Now, you poor lost souls, who find the need of judgment, and any willingness within you to embrace it, wait [wait in hope and silence] first for the rising of the Judge of Israel in your hearts, and next wait for the joining of your hearts to him; both of which is with his eternal light, which manifests and gives his life. In the lowest shining of this light there is the judgment, and there is the king himself, who is not severed from the least degree or measure of his own light. Bow down to him, kiss his feet, know the nature of the thing, and be subject to it. Worship him here in his humiliation, receive him in his strokes, in his smitings, and observe and turn from that in yourselves which smites him, and you shall one day see him in his majesty, in the power of his love, in his everlasting healings and embraces. Know assuredly, that what will not worship him here, will not be fit to worship him there, and shall not; but shall only tremble at the dread of his majesty, and be confounded at the sweetness of his love, but not be able to bow down to it in the true life. For that spirit, which is out of the life, is shut out in its highest desires, hopes, attainments, enjoyments, seemingly spiritual rest, universal love, liberty, and peace, as well as in its darkest and grossest paths of pollution. Therefore wait to know the nature of things, that you may not be deceived with the highest, choicest, and most powerful appearances of death in the most exact image of life, nor stumble at the true life in its lowest and weakest appearance. This you can only attain to by a birth of, and growth up in, the true wisdom, which slays that spirit which lives on the same things in the comprehension, and gathers a stock of knowledge and experiences in its own understanding part. These are words of tender love, and they will also be words of true life, where the Father's earth opens to drink them in; to whose good pleasure and blessing my soul commends them.

George Fox writes on the same subject:

"But all of you who are in your own wisdom and in your own reason, you say that silent waiting upon God is a famine to you. It is a strange life to you to come to be silent. You must come into a new world: how you must die in the silence, die from the wisdom, die from the knowledge, die from the reason, die from the understanding.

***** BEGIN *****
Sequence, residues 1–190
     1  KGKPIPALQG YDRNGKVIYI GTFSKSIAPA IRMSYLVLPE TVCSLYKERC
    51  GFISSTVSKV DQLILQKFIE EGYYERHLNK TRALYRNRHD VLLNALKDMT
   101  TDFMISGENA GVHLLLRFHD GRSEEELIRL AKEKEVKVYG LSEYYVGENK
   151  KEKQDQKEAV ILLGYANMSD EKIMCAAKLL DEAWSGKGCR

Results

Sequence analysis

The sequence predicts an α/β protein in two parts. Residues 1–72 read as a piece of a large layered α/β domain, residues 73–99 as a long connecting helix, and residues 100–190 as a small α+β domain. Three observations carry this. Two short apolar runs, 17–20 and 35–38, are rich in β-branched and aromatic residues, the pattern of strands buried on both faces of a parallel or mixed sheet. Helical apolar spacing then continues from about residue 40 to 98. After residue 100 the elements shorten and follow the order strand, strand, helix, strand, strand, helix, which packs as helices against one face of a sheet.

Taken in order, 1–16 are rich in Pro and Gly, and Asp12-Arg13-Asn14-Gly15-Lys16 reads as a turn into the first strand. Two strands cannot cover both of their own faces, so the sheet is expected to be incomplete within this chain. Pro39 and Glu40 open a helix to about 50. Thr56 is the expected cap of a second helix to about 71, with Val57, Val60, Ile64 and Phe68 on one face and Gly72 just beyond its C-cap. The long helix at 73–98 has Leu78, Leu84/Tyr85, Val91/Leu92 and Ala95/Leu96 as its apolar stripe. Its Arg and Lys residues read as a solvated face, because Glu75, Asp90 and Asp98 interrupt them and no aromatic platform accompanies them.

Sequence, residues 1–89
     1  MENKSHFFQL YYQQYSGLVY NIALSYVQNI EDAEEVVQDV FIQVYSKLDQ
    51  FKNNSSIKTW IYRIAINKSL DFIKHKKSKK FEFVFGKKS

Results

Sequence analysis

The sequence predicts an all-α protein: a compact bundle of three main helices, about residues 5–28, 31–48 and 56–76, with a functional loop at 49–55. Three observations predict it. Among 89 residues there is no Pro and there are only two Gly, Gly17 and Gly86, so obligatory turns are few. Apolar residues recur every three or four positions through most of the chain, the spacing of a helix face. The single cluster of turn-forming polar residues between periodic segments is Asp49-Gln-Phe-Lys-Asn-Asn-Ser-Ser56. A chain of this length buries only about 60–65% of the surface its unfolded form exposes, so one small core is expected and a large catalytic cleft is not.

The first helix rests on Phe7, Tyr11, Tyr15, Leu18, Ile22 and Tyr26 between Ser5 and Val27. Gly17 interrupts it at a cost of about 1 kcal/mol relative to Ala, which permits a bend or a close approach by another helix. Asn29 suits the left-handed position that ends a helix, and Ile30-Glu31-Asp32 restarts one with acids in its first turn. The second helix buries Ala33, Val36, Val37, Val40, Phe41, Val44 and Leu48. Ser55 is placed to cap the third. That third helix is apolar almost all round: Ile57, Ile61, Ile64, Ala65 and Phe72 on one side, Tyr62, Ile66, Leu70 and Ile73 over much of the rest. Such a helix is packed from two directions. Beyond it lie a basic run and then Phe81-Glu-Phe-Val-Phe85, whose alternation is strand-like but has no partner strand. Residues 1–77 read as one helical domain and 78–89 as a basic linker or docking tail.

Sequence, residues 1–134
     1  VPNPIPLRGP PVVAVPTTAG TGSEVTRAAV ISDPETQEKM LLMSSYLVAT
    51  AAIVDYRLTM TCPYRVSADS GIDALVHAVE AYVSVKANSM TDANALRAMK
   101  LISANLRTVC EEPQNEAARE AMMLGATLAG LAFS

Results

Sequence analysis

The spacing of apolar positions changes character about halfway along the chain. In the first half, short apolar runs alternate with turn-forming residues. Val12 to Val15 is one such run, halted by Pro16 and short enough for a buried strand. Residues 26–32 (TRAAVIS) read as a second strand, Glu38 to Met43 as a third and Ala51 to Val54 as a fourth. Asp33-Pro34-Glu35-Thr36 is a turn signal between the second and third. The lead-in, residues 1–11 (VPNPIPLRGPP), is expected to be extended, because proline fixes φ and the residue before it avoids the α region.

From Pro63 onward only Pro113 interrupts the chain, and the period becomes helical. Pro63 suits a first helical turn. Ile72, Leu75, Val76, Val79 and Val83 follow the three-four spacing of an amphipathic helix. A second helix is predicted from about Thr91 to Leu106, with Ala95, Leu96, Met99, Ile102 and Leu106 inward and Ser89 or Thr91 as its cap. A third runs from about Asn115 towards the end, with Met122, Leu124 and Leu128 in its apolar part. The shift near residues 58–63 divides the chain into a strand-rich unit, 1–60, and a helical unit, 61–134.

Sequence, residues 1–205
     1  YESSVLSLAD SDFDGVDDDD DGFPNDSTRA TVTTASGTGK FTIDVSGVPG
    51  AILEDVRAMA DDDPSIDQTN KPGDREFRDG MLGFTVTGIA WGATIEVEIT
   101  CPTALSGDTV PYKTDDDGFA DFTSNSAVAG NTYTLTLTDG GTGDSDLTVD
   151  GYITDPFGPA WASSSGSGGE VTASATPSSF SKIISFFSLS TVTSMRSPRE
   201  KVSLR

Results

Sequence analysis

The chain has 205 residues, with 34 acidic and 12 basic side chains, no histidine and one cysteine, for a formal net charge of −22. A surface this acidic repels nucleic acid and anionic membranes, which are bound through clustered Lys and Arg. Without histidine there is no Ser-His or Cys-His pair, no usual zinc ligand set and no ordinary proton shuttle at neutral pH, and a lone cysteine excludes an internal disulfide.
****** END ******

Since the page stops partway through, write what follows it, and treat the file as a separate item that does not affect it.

So as you come to feel that which brings you to wait upon God, you must die from the other [that resists the silence and feels famished in silence]. It is this [dying in silence] that brings you to feel the power of an endless life, and you come to possess it; in silent waiting upon God you come to receive the wisdom from the above by which all things were made and created, and it gives an understanding and reason that is clearly different from that of the earthly man. This life of God in you is what brings you to wait upon God—and to know God is eternal life. To you this is the word of the Lord God."

SOME PROPOSITIONS CONCERNING THE ONLY WAY OF SALVATION

1. That there is no way of being saved from sin, and wrath eternal, but by that Christ alone who died at Jerusalem. There is no name, virtue, life, or power under heaven given, by which lost man may be saved, but his alone.

2. That there is no way of being saved by him, but through receiving him into the heart by a living faith, and having him formed in the heart. Christ saves not as he stands without at the door knocking, but as he is let in; and being let in, he brings in with him that life, power, and mercy, which breaks down the wall of partition, unites to God, and saves. The Jews could not be saved formerly by the belief of a Messiah to come, with the observation of all the laws and ordinances of Moses; nor can anyone now be saved by the belief of a Christ who has historically come, with observation of all that the apostles commanded or practiced; but only by the receiving him into your heart, where he works out the salvation.

3. That there is no way of receiving Christ into the heart, and of having him formed there, but by receiving the light of his spirit, in which light he is and dwells. Keep out the light of his spirit, and you keep out Christ; let in the light of his spirit, and you let in Christ; for the Father and the Son are light, and are alone known and received in the light; but never out of it.